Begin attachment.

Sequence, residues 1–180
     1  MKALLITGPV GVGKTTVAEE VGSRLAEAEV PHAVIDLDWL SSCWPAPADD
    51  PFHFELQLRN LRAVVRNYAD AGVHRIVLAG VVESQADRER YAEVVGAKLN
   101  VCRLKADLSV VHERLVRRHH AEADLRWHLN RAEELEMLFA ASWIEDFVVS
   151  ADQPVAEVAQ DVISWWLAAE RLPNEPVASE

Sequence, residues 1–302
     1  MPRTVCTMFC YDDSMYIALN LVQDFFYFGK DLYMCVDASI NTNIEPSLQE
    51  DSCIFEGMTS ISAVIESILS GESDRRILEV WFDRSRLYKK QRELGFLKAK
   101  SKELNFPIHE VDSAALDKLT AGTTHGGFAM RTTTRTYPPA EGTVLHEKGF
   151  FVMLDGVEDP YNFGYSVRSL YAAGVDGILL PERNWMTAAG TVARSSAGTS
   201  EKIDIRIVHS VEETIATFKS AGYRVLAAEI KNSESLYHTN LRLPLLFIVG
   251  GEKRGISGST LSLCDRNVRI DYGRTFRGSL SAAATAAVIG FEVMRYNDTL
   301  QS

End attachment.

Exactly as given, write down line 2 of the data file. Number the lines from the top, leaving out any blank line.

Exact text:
     1  MKALLITGPV GVGKTTVAEE VGSRLAEAEV PHAVIDLDWL SSCWPAPADD